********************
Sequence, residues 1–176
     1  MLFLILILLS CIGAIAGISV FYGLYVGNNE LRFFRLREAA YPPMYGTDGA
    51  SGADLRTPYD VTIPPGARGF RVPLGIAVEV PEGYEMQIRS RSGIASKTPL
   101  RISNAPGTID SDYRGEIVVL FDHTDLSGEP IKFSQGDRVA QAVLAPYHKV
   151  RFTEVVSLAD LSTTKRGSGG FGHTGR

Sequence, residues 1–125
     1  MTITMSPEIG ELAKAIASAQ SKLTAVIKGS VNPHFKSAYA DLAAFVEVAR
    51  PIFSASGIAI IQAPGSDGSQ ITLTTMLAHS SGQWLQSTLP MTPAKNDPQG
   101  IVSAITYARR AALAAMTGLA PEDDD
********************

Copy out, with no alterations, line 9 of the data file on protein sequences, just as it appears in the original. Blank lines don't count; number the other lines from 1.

   101  IVSAITYARR AALAAMTGLA PEDDD